“Give us this day, all that you showed me/the power and the glory, ‘til my kingdom come!”
He belted out his lyrics a Capella before thundering into the guitar riff that serves as the backbone to “Hymn,” one of the best songs from his sadly absent band Ultravox. The high-minded content of Ure’s pop songs are a bit unusual these days, but his songs fit right in on a concert tour lineup that included a hearty group of romantic optimists—among them Howard Jones and Tom Bailey (formerly of the Thompson Twins).
The mini-festival winding its way across the United States at the moment is called the Retro Futura tour, and unfortunately it did not stop in DC on its way across the country. The closest it got was a suburb of Philadelphia on Friday, Aug. 22. In previous years, the tour had stopped here under its former name, the Regeneration Tour.
Then, it was anchored occasionally by headliners The Human League, and this time around that job fell into the capable hands of Tom Bailey. While Bailey alone is not exactly a household name, his voice is well-known to radio listeners everywhere as the force behind the songs of the Thompson Twins—“Doctor,” “Lies,” “Lay Your Hands On Me” and “Hold Me Now” among them. Bailey’s elegant voice and dapper appearance have aged very well, and he was very down to earth, modest and appreciative as a performer.
The Thompson Twins performed their last concert in Austin, Texas, 27 years ago. In that time, Bailey is the only member to remain a musician, recording experimental Indian music and the like, thus setting him up to return as a solo act at the invitation of his friend Howard Jones. Jones himself has been enjoying something of a revival as he has returned to his synthpop roots in the past five years, bringing a welcome sound to songs that remain as positive and uplifting as ever, including “Everlasting Love,” “Things Can Only Get Better” and “New Song.”
Jones and Bailey served as the last half of the Retro Futura Tour lineup. Ure, a personal favorite, was limited to five songs before an intermission! Preceding him were other U.K. acts Katrina Leskanich (formerly of Katrina and the Waves) and China Crisis. Katrina recorded a new album just for the occasion, but she also sang “Coming Down to Liverpool” (a cover by the Bangles led to a record contract for Katrina) and “Walking on Sunshine.” China Crisis hit four songs from their excellent third album, Flaunt the Imperfection, including “Black Man Ray” and “King in a Catholic Style.” Singer Gary Daly perhaps hammed up a bit too much in a dress, making a tongue in cheek apology for the absence of Boy George.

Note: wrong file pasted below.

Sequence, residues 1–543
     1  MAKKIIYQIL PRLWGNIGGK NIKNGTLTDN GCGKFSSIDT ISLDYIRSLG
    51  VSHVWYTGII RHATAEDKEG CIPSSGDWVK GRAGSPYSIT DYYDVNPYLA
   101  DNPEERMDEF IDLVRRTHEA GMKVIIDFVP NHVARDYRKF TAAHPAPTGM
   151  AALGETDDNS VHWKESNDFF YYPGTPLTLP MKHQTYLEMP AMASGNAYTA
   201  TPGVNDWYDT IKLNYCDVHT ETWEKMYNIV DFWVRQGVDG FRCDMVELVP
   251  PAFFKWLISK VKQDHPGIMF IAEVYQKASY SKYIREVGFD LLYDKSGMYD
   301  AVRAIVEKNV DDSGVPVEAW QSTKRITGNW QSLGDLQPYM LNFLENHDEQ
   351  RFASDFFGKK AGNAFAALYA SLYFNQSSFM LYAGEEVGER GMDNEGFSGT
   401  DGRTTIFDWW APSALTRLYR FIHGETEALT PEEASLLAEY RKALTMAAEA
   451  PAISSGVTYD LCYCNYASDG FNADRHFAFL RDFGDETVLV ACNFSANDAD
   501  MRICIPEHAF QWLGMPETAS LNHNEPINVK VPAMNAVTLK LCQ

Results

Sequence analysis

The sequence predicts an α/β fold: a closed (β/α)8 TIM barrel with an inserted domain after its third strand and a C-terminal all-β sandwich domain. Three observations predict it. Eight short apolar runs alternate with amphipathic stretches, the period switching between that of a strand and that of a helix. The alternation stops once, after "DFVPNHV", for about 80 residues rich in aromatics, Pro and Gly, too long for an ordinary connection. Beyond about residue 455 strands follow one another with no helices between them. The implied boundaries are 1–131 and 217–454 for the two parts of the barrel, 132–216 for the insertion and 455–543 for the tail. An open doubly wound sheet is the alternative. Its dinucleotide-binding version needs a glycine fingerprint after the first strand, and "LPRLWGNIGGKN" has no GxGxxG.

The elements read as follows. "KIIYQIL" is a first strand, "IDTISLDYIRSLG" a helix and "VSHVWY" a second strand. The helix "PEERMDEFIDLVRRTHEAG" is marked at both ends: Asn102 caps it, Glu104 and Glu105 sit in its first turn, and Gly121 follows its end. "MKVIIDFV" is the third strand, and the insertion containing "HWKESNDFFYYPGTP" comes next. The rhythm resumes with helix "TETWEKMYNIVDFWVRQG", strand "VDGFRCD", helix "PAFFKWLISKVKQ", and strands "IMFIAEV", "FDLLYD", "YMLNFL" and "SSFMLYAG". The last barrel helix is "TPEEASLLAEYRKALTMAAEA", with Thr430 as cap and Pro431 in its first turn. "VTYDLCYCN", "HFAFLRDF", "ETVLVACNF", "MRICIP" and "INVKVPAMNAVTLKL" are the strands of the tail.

Ure closed the first half with songs that included “Hymn” and “Dancing with Tears in My Eyes” as well as solo staples “If I Was” and “Dear God.” While Ure’s performance was a highlight of the show, it also brings up my only real complaint. Katrina, China Crisis and Ure were reduced to shuffling onto and off stage in front of a house band in a manner that made their performances a little less satisfying. The “house band” concept wasn’t a bad one, particularly when you consider the costs of flying in musicians from the United Kingdom, but Ure was backed the last time I saw him by the much superior Los Angeles-based band Right the Stars, who mysteriously dropped out of supporting this same tour at the last minute. Too bad!
Still, you cannot go wrong with this much talent on one bill, and the Retro Futura tour still has many dates left across the country, starting in Chicago on Aug. 27 and then onto California and back to Texas and Florida, among other places. It’s well worth catching. The positive word of mouth seems only to be snowballing as the tour goes on, suggesting that we may see it return next year, perhaps with a DC date again as well.